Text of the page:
Kevin Tent Editor
Victoria Thomas Casting
Dara Weintraub Co-producer
Palmer West Producer
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Scene Index

Disc #1 -- The Clearing
1. Chapter 1 [9:51]
2. Chapter 2 [10:10]
3. Chapter 3 [9:59]
4. Chapter 4 [10:07]
5. Chapter 5 [9:02]
6. Chapter 6 [11:07]
7. Chapter 7 [9:42]
8. Chapter 8 [9:59]
9. Chapter 9 [10:34]
10. Chapter 10 [3:48]
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Menu

Disc #1 -- The Clearing
   Play
   Chapters
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Customer Reviews

Average Rating 4
( 5 )
Rating Distribution

5 Star

(2)

4 Star

(1)

3 Star

(1)

2 Star

(1)

1 Star

(0)

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Sort by: Showing all of 5 Customer Reviews
  • Posted October 1, 2010

    The Captor and Master

    In a role of reversals, and I will not give away this excellent plot, one of the most respected actors in cinema, Robert Redford, played his role astonisingly well. It was a truly soul-searching movement the entire film with results some people would rather not dwell on.

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  • Anonymous

    Posted October 1, 2010

    Better the second time around

    Robert Redford and Helen Mirren--how can you go wrong? The first time I saw this movie, I was unhappy with the ending. The second time around, I understood why it had to end the way it did and I appreciated the movie more. If you love these actors, don't miss this movie.

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  • Anonymous

    Posted October 1, 2010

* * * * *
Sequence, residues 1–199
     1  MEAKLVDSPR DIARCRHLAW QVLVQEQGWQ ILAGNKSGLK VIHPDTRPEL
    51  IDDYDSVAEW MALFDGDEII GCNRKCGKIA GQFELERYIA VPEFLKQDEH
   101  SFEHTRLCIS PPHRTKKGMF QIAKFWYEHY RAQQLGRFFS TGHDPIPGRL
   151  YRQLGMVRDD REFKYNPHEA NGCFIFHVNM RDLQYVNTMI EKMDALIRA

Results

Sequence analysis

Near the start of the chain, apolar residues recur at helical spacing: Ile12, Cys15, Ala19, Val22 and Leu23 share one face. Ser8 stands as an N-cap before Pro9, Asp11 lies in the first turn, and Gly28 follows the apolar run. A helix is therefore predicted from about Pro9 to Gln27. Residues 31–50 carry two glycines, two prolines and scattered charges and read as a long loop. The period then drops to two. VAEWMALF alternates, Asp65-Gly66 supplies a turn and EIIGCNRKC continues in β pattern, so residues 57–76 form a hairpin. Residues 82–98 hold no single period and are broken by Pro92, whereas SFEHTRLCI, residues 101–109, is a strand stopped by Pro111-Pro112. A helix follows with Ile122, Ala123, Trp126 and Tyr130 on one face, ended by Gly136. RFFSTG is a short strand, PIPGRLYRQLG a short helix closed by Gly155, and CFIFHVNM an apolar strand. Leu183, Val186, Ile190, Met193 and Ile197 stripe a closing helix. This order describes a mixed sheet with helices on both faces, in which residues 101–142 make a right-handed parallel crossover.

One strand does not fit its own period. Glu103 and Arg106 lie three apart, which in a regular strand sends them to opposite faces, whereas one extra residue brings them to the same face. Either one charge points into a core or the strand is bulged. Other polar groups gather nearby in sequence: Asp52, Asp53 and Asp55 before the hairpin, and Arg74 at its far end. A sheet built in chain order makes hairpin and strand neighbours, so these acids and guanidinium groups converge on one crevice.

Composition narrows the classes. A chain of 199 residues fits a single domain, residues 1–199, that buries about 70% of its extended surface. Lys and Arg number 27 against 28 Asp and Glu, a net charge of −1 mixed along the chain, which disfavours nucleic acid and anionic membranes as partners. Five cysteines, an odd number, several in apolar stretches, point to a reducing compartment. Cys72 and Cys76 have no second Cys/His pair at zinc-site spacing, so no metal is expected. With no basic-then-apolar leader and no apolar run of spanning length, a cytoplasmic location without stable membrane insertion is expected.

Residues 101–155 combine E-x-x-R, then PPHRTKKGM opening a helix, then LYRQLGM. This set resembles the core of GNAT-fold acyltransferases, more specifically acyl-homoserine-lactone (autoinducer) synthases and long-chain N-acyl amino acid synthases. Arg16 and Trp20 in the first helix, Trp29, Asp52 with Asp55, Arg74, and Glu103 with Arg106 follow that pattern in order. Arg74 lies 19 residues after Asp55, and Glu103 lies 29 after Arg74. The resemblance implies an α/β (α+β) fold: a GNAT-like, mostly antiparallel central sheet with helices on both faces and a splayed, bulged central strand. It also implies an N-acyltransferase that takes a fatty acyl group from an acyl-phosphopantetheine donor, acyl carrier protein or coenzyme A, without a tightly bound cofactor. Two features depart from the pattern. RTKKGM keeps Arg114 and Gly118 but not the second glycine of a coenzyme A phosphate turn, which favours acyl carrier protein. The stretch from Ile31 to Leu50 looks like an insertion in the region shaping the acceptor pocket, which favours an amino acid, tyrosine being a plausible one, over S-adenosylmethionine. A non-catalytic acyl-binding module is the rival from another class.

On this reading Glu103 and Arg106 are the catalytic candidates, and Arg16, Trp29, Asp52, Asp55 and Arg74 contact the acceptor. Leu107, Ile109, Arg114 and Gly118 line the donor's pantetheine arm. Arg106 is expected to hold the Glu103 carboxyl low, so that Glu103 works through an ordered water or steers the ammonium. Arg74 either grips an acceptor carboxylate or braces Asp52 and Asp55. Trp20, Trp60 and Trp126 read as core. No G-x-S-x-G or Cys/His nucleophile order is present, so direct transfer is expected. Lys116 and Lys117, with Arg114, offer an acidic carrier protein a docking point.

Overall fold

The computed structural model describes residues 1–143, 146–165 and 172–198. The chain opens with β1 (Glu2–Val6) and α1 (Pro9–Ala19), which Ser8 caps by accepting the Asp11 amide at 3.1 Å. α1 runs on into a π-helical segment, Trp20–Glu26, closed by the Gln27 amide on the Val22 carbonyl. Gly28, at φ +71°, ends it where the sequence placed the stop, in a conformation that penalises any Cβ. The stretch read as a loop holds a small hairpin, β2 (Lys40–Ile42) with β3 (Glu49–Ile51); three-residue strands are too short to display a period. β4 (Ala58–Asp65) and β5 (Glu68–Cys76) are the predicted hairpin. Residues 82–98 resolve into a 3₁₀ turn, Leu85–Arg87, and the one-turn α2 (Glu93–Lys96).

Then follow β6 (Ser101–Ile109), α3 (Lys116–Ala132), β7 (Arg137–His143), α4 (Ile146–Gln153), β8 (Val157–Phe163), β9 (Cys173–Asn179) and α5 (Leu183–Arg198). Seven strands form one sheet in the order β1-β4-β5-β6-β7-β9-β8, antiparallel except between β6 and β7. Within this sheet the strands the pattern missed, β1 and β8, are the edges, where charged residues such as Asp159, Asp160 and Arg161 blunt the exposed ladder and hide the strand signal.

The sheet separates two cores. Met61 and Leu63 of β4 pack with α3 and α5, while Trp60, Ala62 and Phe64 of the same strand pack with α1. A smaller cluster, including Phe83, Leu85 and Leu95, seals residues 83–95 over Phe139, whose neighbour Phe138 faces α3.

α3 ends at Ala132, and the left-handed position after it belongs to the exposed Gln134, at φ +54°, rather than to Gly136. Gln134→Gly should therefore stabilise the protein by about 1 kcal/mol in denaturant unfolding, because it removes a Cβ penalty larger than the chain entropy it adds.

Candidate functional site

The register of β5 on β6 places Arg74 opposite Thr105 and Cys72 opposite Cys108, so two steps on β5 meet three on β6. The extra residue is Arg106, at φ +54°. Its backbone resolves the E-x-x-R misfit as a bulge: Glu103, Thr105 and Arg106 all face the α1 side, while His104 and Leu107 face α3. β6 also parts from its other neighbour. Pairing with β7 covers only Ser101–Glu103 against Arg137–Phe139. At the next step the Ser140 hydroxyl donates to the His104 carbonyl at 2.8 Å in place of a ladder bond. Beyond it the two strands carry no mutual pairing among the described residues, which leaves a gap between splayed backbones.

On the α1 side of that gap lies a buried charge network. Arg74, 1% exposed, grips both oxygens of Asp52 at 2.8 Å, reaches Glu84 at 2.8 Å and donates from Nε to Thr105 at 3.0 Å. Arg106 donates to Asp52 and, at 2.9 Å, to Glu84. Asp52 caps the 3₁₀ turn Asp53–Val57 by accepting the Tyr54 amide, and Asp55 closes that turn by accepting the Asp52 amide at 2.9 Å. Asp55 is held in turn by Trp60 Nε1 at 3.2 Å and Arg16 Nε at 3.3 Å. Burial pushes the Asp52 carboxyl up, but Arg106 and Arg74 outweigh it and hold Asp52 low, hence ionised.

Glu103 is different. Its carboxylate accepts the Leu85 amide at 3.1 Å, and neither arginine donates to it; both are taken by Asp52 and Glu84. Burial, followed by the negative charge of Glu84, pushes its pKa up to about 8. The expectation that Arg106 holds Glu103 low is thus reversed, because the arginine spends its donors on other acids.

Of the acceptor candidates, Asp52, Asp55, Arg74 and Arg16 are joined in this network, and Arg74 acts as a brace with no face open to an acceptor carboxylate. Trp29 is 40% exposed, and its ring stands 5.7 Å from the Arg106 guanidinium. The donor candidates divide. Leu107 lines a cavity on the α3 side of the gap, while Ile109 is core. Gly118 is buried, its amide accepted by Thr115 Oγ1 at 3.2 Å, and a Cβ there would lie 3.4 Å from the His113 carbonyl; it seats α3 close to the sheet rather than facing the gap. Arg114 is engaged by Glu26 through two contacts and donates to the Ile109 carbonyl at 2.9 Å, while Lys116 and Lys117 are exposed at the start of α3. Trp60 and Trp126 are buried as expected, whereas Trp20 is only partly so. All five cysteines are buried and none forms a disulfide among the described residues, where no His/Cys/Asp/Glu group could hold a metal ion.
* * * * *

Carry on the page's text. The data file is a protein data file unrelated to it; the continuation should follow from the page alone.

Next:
Redford is GREAT, but movie is not.

    I've seen this movie twice now and I seem to dislike it more and more. The plot is alright, not fabulous.. but it just didn't go anywhere. The reason I do not care for this movie is probably because of the ending. LOUSY.

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  • Anonymous

    Posted October 1, 2010

    Readford is Fablous

    My husband and I watched this movie and really enjoyed it. The plot is developed in such a manner that you don't want to blink because you are afraid of missing something. My husband said it is a thriller, I say it is a love story, you be the judge. This is a keeper for your personal library!

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  • Anonymous

    Posted October 1, 2010

    VERY GOOD MOVIE

    I watched this movie last night and thought it was very good. The acting was excellent. I hadn't seen Robert Redford in a film in a long time. He did an admirable job.

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Sort by: Showing all of 5 Customer Reviews